Jamaica is one of the most famous Caribbean destinations. The landscape meets all expectations: from abundant coral reefs to white-sand beaches to impressive waterfalls and misty rainforests. Finally, the music is mesmerizing.
The Arawak Indians, the first residents who arrived from South America in the 650 BC, called Xaymaca Island or “the Land of Wood and Water”. The Spaniards lost the island to the British in 1655. Today, Jamaica is an independent country, completely self-governing since 1962 when the island ceased to be a British colony. After independence, Jamaica chose to join the British Commonwealth and keep the Queen of the United Kingdom as its constitutional monarch. In Jamaica, the Governor General, who is appointed by His Majesty on the recommendation of the Prime Minister of Jamaica, represents the Queen.
The Jamaican population, with its African, Chinese, Indian, British and German origins, is one of the most diverse in the Caribbean. Almost all races are represented. They have come to conquer, colonize, forcibly or in search of a better life and over time have come to call Jamaica their home. They mingled, merged and created the most extraordinary race and unparalleled cultural mix, the Jamaicans.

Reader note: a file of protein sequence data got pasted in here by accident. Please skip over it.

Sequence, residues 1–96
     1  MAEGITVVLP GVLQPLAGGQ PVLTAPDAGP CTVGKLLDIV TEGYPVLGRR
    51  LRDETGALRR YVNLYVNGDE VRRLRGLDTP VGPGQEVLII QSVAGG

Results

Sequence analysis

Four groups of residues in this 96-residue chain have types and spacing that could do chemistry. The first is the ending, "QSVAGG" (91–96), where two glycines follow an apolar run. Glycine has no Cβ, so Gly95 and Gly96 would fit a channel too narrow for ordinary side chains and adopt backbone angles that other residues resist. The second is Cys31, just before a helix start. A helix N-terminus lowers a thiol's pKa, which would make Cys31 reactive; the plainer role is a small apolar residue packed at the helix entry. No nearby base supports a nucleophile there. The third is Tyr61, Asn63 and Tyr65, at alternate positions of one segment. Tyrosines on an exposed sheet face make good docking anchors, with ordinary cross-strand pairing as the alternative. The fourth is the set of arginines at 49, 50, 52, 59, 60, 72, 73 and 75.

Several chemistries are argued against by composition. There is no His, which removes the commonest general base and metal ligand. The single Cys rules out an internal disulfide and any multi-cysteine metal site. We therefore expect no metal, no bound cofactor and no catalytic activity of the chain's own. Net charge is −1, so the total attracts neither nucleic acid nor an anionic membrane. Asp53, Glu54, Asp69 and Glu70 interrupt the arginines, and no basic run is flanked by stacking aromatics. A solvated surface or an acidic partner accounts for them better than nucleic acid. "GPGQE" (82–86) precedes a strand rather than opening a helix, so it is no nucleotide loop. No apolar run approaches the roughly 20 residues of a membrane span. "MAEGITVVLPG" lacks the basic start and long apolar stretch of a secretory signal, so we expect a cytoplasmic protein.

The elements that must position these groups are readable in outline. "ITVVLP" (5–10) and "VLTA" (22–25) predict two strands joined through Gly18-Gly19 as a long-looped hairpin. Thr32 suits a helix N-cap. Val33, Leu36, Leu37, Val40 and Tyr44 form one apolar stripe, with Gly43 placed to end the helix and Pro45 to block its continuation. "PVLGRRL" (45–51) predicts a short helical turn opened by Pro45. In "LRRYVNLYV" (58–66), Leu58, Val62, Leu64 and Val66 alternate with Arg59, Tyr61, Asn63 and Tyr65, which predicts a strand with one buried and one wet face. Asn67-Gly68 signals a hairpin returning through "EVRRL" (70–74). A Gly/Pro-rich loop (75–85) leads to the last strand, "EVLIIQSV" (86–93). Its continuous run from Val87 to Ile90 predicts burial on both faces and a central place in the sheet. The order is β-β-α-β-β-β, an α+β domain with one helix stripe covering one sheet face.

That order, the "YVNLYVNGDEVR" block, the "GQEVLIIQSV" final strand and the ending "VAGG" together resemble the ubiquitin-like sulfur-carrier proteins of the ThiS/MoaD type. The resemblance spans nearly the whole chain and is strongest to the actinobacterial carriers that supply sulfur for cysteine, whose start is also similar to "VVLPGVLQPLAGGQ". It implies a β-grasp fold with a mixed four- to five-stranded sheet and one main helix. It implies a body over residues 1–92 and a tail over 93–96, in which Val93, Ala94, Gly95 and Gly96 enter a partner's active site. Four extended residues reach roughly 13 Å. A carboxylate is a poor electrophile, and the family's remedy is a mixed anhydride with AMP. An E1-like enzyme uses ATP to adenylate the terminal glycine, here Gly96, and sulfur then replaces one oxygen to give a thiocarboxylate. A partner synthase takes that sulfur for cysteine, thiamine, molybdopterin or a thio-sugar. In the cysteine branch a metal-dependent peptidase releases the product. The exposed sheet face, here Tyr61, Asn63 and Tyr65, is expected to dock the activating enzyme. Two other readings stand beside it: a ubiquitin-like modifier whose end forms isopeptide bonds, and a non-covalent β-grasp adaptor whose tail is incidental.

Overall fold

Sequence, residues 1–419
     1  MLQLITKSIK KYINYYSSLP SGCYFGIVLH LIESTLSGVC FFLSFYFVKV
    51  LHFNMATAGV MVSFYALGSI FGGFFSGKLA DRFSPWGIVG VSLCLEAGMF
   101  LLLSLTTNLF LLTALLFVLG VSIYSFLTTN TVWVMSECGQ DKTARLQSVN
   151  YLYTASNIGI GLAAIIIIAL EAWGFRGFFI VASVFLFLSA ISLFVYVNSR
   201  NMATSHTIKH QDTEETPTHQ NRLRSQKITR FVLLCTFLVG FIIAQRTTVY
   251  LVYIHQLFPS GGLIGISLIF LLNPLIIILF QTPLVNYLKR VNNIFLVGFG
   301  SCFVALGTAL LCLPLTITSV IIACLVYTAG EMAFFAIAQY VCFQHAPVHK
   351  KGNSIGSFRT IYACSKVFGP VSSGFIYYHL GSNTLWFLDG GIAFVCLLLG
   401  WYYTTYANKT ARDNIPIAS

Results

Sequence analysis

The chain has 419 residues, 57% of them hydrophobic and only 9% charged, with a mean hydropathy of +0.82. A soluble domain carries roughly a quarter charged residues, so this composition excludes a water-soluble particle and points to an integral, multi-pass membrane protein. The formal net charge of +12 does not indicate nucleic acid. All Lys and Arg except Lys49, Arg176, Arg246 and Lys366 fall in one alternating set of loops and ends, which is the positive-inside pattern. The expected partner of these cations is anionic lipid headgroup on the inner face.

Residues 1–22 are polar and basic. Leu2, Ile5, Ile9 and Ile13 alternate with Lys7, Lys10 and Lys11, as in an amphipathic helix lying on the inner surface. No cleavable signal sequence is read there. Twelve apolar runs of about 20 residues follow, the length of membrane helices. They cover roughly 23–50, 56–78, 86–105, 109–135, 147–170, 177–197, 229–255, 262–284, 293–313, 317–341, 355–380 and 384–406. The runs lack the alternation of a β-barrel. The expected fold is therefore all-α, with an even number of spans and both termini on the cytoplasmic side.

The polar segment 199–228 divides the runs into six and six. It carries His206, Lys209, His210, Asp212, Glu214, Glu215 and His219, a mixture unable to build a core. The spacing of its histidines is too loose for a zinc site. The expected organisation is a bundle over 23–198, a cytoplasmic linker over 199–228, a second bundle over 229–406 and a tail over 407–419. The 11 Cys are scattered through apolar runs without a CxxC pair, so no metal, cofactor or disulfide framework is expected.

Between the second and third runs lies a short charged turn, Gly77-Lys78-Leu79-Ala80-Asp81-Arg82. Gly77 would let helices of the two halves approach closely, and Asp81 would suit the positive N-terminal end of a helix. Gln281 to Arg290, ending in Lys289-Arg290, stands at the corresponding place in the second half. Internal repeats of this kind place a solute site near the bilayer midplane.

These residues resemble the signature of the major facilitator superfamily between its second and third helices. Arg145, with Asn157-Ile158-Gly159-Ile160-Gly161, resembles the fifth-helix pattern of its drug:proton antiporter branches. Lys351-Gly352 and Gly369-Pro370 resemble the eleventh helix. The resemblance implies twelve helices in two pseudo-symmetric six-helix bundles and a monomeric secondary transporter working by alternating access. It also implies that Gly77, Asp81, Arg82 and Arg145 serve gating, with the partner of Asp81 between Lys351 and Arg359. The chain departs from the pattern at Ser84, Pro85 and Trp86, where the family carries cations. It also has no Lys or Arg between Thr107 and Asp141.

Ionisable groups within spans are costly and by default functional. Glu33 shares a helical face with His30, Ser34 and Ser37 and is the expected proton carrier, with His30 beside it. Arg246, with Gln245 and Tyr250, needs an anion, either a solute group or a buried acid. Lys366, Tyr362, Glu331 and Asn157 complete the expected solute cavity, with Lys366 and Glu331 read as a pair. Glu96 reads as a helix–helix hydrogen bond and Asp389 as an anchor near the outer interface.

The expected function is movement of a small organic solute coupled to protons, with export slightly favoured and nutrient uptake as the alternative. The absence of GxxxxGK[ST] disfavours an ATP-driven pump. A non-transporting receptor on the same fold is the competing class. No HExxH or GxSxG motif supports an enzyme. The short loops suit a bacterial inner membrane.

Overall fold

Jamaica is the third largest island in the Caribbean and has six main regions: Montego Bay, Negril, Mandeville, and the South Coast, Kingston, Port Antonio, and Ocho Rios. There are many quiet places to explore: The Blue Mountain Peak, which rises to over 2,200 m, is a challenge for all experienced hikers. Ocho Rios mainly hosts cruise ships but also presents a succession of bays and beaches; the most notable is Runaway Bay and Discovery Bay. Inland are the Dunn Falls, whose images have traveled around the world. Montego Bay is a paradise for water sports: navigation, diving, jet skiing, parasailing, big game fishing, and glass bottom boat trips are all part of the program. Shoppers will head to Gloucester Avenue for zero-rated stores, gift shops, restaurants, and bars. Negril, a favorite destination for backpackers in search of an idyllic getaway in the 1960s and 70s, still retains its nonchalant atmosphere. You can visit many plantations such as Rose Hall and Greenwood Great House and discover the Hampden Great House rum. Like many islands in the West Indies, Jamaica produces excellent rums including that of the Appleton brand.
Airport: Norman Manley International Airport (KIN), 20 km from Kingston, also 2 hours from Port Antonio and the south coast. Sangster International Airport (MBJ), 3 km from the center of Montego Bay, also 1½ hours from Ocho Rios and Negril.
Area: 10,991 sq. km.
Business: The business culture in Jamaica is based on respect and formalities of politeness. A suit, jacket and tie are required in the meetings. Punctuality is sought, appointments preferable and business cards are expected during meetings.